FSU graduate’s ‘fishy film’ helps her earn Directors Guild of America honors
BY: MARK BLACKWELL THOMAS | PUBLISHED: | 2:53 PM |
The adjustment to college life can leave some students feeling like they don’t fit in.
It was this idea that sparked Kyra Gardner, then a Florida State University student in the College of Motion Picture Arts, to create her film “Phoebe,” which just earned her Best Woman Student Filmmaker honors from the Directors Guild of America last month.
When you set out to make a film about someone who feels like a fish out of water, making the character an actual fish seemed a natural fit, said Gardner.
“She’s a fish and her roommate is a 6-foot tall, black drag queen so she has trouble fitting in,” Gardner explained of her film’s titular character. “People don’t let her get two words out before they judge her. But her roommate becomes her navigator and helps her realize that they don’t need to fit in; they have each other. They form this misfit family and that’s good enough for them.”
Gardner, who hails from Twin Peaks, California, earned her BFA in Motion Picture Arts last May and is now working in her home state. She said didn’t believe it when she got the call that the film was a winner of the DGA award.
“I honestly thought the call was a joke because my film was so much more ‘out there’ compared to the other ones submitted,” she said. “The other films screened at the festival were so beautiful, so realistic and then my little fishy film plays. I was like, ‘how did I get here?’”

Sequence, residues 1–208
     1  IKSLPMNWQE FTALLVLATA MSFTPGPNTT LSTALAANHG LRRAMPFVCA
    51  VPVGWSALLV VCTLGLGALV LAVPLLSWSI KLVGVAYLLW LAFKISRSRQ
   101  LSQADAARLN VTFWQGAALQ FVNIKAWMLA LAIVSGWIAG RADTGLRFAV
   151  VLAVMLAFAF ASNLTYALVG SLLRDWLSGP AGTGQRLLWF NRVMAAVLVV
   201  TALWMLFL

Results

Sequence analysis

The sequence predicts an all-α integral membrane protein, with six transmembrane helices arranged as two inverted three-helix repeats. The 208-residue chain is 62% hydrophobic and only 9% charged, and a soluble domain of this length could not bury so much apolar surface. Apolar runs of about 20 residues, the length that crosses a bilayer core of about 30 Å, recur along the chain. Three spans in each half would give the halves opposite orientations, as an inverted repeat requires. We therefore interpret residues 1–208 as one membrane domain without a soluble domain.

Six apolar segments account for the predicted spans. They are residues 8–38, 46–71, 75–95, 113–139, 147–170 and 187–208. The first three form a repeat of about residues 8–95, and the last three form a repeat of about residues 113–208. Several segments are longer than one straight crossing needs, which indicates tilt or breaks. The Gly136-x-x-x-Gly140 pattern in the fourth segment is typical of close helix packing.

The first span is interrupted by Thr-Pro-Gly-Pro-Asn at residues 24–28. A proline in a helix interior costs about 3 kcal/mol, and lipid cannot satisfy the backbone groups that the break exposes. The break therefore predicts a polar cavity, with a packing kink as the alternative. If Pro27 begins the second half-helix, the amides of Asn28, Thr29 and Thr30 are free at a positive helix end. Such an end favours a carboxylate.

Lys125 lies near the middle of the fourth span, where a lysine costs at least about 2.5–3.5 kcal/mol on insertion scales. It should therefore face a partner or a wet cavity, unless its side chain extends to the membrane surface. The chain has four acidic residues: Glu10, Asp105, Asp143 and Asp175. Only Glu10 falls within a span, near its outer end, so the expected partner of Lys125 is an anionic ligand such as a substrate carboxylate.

“Phoebe” was shot in and around Tallahassee in September 2018. Gardner said the film included 11 locations, 15 crew members, 34 actors and enough extras to stage a fraternity party.
Phoebe, the puppet, who is 4 feet, 4 inches tall, offered her own particular set of challenges, Gardner said. From actually sculpting, painting and creating the puppet to arranging shots to accommodate its lack of mobility, the film was a challenge.
“Her eyeballs are as big as pool balls; someone would break their wrist if they were holding her for too long,” Gardner said with a laugh. “Originally, she was going to be just a hand puppet so a hand inside of her head would move her. Then her face became animatronic.”
Phoebe’s evolution eventually grew to include wireless remote controls and a three-person team of puppeteers.
Though she directed several live-action films while at FSU, Gardner said, “Directing a puppet movie is five times harder.”
For more information, visit the College of Motion Picture Arts.